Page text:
Smoking fish on your BBQ
There are two ways to prepare fish before smoking; the wet brine method and the dry cure. Both are good and both are widely used. It's personal preference as to which method is employed. Because you have to leave fish in the wet brine for a longer amount of time, a lot of people prefer to use a dry cure where the fish really on has to be left for a couple of hours before smoking.
Here is an idea of how you can use both methods to create perfectly smoked fish on your hooded BBQ or in your portable smoker.
The first is the brining method and here we will use a slab of marlin.
1 cup soft brown sugar
2 cups salt
3 litres of water
Add spices such as cloves, allspice etc if you want.
Mix everything together in a plastic or glass container until the sugar and salt has dissolved. Add the fish fillets and leave in the fridge for 6 hours to overnight. Allow the fish to dry before smoking.
The other way to prepare your fish for the smoker is through a dry cure. Here's how you do it:
Dry cure ingredients:
1.5 cups of soft brown sugar
Half a cup of salt
Mix salt and sugar together and rub into fish fillets. Leave for a couple of hours before wiping the mixture off with a damp cloth. Leave the fish to fully dry before smoking it.
Smoking the fish:
Most people will have some form of equipment at home that will allow them to smoke food. Whether it's a small, portable stainless steel smoker of a gas BBQ with a hood, you can do it easily. An easy way to smoke fish on your gas BBQ is to sprinkle your soaked wood chips into a roasting pan and placing your fish fillets above on a roasting rack that has been lined with tinfoil.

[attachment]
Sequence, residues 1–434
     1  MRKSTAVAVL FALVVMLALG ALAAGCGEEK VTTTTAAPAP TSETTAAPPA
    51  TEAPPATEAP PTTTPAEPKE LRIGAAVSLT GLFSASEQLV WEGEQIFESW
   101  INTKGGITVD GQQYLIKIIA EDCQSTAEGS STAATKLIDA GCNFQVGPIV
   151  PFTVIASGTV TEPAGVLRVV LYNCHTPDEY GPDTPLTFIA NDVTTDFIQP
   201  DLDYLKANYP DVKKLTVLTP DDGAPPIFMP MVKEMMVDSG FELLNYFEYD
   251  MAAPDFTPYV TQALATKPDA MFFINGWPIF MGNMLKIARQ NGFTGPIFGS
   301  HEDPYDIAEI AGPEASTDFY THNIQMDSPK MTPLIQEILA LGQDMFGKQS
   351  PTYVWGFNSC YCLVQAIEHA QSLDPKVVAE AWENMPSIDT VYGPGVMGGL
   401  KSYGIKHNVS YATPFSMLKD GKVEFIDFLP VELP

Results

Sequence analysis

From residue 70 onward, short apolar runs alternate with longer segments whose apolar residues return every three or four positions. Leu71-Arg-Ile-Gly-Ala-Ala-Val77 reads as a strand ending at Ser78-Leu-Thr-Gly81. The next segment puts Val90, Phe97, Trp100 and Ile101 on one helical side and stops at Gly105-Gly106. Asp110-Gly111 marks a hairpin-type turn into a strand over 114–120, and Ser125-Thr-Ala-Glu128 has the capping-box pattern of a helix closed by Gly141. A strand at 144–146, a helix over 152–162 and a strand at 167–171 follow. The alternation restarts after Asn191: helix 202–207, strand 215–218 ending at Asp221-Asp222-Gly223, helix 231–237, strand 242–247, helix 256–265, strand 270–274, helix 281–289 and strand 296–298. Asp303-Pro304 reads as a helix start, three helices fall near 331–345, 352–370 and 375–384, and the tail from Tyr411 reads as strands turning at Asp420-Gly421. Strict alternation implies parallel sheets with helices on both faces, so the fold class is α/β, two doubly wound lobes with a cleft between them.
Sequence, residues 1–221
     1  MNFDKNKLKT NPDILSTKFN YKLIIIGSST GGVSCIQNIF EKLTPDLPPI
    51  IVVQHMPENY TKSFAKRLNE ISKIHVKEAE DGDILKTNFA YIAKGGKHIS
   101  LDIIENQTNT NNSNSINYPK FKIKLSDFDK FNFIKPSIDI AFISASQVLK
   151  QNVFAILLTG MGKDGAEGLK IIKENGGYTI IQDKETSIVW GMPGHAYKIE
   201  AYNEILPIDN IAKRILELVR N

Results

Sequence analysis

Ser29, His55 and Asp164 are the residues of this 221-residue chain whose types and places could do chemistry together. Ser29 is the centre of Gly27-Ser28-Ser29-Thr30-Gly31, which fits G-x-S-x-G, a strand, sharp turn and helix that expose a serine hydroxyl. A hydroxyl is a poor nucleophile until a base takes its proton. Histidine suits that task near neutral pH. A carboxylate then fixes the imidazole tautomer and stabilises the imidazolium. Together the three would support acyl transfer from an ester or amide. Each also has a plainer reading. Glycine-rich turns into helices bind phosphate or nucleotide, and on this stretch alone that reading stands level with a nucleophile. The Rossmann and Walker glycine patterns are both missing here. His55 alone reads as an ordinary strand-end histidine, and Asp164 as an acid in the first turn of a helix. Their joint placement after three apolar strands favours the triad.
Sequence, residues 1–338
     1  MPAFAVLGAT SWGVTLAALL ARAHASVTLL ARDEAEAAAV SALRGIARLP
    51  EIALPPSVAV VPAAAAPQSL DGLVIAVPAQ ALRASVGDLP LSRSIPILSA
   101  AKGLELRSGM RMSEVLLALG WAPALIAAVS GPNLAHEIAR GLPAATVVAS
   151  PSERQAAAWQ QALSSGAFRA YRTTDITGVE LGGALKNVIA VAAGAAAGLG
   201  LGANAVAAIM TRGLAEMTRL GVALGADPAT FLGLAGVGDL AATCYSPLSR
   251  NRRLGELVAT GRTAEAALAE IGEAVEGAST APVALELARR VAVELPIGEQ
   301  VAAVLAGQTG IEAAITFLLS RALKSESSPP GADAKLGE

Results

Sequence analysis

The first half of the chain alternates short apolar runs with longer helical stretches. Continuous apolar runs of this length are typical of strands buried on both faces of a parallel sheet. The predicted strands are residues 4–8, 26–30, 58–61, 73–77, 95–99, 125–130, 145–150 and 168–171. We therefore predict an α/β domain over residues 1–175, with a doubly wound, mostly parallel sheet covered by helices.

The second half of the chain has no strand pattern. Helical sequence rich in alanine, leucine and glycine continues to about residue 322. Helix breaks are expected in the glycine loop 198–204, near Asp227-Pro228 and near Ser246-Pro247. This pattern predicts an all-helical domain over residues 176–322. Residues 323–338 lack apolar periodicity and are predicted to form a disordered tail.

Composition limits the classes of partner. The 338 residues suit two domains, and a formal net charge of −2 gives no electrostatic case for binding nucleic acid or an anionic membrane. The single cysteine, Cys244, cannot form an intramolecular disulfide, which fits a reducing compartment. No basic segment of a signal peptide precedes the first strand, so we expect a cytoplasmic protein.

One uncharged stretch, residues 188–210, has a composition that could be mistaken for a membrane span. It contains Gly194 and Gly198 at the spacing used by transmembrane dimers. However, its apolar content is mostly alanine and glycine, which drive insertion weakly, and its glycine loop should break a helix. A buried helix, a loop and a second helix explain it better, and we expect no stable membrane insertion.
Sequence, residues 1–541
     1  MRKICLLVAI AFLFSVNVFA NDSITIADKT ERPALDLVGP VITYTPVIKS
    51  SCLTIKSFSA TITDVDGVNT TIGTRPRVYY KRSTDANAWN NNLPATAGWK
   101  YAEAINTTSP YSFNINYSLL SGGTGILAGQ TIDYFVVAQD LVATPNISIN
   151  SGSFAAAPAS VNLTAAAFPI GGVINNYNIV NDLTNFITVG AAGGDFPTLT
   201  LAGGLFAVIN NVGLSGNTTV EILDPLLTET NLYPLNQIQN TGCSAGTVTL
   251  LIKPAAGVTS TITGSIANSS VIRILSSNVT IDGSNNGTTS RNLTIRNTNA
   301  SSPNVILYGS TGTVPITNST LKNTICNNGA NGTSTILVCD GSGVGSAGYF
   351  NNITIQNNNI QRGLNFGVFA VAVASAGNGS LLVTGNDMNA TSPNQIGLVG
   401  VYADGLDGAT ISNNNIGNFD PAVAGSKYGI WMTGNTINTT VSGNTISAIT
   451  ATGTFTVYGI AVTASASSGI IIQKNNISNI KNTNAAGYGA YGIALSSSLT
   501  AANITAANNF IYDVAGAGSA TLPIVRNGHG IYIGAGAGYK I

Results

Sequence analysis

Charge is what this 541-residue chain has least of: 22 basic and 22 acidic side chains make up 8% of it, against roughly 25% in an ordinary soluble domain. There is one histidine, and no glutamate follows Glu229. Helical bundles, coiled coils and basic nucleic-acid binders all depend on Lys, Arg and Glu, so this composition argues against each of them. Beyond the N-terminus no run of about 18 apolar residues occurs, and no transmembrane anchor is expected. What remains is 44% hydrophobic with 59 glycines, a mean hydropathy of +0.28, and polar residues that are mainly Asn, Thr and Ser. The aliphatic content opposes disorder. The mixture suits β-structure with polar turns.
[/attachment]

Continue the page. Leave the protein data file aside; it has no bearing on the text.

Here we will be hot smoking our fish, which is a very quick method as the fillets are exposed to a lot heat as well as the smoke.
Before you smoke your fish, soak your wood chips (we mainly use manuka) for around half an hour. Then place a couple of handfuls in your smoking dish, ignite the BBQ rails underneath the dish and wait until you see smoke starting to come off them before adding your fish and closing the hood on your BBQ.
Two handfuls of wood chips should burn long enough to cook a whole fillet of kahawai or a slab of marlin or kingfish. I always wait until I see no more smoke coming from the BBQ and then waiting another five minutes before lifting the lid as the residual heat will continue to gently cook the fish. Every BBQ is different however, so it may take some practice before you find the perfect smoking time and amount of wood chips you need to smoke effortlessly on you BBQ.